In our current news climate, that of the 4-hour information cycle, the story of Pastor Terry Jones is now a thing of the past. As most are aware, the Pastor backed down and cancelled the event, citing that the chief financier of the infamous Cordoba House (aka the 9/11 mosque) was open to discussions about moving the location of the Islamic Community Center.
Credit should be given to the Pastor for voluntarily cancelling the event. Such a vulgar, inflammatory display has no place in western democracy, and even though it is more than likely the Pastor folded after the U.S. Military (in the form of General Petraeus) warned that such an event was tantamount to a death sentence for American soldiers serving in the middle east, the man’s decision to waive his right to free assembly and freedom of expression deserves recognition.
However, that last bit, freedom of expression? Let’s talk about that. Specifically in regards to the institution of book burning as means to communicate the disapproval of ideas. Though Nazi Germany may be the most oft-referenced instance of historical book burning, it is hardly a recent phenomenon. Over one thousand years ago, the Bible and those who preached its word were burned by the hundreds in an effort to stamp out what was then viewed as blasphemy and an affront to God. In China, different phases of anti-intellectualism preceded the sacking of the country’s great libraries and the destruction of priceless works of art. These bygone ages mark perhaps the only moment in history in which book burning had any tangible effect on the proliferation of media at all. Days in which besieged cities were often quite literally burned to the ground understandably produced the attitude that the same methods used to stamp out civilizations could be applied to ideas.
As history has demonstrated repeatedly, nothing could be further from the truth. The reach and influence of Christianity in modern times is staggering. Philosophy professors in universities around the world still assign readings by Lao Tzu and Confucius. After John Lennon remarked (very accurately) that The Beatles had become more popular than Jesus Christ, angry Christians across the United States staged giant bonfires fueled by Beatles records and merchandise. Though Lennon apologized for his comments, it’s not unreasonable to think The Beatles would not have had the far-reaching notoriety they did if the whole fiasco had never happened.
In The Grapes of Wrath, John Steinbeck, though not speaking directly to the concept of media burning wrote of “the little screaming fact that sounds through all history: repression only works to strengthen and knit the repressed.” This fact sits nestled with another: you cannot kill ideas. Spending five minutes with a good search engine will illuminate one truth: no matter what crazy idea you can think of, somebody, somewhere, believes in it deeply. While you’re on the web, surf around a bit and you’ll arrive at a second conclusion that will be startling only to Pastor Jones and others who put stock in the destruction of physical media as a deterrent to belief: in the internet-age, ideas are as permanent as ever. As every job applicant knows by now, the new rule of thumb is: if you don’t want somebody to see it, don’t put it online. At the risk of exaggerating: once it’s there, it’s there for good.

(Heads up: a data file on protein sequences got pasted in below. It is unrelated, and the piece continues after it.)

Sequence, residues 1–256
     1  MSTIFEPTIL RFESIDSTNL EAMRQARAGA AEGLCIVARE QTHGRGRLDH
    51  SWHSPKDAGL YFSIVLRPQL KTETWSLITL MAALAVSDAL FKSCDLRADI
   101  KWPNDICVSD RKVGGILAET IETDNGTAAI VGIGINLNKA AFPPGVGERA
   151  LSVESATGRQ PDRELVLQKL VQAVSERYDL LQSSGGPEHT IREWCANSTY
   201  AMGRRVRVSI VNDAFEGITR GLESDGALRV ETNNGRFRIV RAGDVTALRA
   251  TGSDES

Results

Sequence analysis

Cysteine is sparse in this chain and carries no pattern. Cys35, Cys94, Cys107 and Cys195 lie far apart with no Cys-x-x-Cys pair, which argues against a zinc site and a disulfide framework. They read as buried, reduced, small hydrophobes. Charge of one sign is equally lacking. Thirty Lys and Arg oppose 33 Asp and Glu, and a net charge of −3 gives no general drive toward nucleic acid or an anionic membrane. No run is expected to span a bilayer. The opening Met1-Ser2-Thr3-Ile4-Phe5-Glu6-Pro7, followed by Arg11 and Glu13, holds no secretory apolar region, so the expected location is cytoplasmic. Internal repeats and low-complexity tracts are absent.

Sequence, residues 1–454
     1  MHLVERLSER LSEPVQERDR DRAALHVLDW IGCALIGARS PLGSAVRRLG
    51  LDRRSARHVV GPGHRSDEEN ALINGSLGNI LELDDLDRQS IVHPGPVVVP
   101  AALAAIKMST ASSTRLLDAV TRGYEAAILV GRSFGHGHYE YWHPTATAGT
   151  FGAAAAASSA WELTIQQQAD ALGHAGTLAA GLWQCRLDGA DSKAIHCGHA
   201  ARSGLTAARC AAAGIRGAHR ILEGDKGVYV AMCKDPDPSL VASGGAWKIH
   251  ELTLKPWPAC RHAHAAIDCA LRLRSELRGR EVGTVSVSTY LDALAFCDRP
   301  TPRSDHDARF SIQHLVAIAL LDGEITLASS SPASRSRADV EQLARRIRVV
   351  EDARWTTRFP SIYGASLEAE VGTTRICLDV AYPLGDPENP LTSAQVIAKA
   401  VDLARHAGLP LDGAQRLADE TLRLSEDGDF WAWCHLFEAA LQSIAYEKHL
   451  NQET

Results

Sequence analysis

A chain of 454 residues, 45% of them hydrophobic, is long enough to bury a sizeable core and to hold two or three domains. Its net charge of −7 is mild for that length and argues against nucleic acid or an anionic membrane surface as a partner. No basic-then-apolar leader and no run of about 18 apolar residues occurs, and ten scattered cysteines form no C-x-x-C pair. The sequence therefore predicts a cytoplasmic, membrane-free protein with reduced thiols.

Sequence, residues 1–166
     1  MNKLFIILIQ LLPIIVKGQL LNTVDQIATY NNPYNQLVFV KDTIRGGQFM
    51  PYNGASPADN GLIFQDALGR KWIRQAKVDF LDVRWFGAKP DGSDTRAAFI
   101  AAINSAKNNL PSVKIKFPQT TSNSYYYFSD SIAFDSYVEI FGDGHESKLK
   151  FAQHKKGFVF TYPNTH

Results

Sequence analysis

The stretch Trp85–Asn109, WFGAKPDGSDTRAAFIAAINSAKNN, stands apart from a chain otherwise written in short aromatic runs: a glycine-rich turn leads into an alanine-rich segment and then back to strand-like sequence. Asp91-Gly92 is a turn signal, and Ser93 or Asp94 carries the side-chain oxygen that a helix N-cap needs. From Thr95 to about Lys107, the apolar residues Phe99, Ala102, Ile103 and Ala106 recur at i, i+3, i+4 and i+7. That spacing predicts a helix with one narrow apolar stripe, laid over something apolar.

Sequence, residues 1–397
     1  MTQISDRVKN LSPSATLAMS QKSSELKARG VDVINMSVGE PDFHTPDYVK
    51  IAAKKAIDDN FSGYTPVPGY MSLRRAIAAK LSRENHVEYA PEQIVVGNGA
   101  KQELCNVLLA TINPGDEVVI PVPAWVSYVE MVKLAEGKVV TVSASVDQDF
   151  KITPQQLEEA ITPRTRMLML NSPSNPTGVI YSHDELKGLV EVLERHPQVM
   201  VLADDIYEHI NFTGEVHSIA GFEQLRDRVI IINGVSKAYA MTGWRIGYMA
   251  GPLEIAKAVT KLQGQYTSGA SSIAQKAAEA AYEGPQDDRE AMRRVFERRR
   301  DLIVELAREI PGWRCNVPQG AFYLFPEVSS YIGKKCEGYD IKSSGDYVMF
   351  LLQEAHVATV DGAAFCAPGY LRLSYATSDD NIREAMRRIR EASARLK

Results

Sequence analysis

Viewed side by side, these two facts reveal the greater truth about book burning, which should answer all those clamoring to point out that the destruction of media is “merely” symbolic: the practice has little to no practical effect on the adherents of the ideas in contention, and more often than not only serves to galvanize the targets of such demonstrations. At best, the practice amounts to little more than meaningless saber rattling. At worst, it is an outdated tactic that accomplishes the exact opposite of its intended goal. The complete and utter failure of book burning on any practical or conceptual level firmly establishes its worthlessness as a symbol. The advice I would offer to Pastor Jones and others interested in the “symbolic” power of book burning? Consider the debate years ago over the display of the Confederate flag over state buildings in the Deep South. Many argued that flying the Stars ‘n’ Bars had no ties to racism or slavery, but rather represented tradition and Southern pride.
True enough. But let us not forget: the Confederacy lost.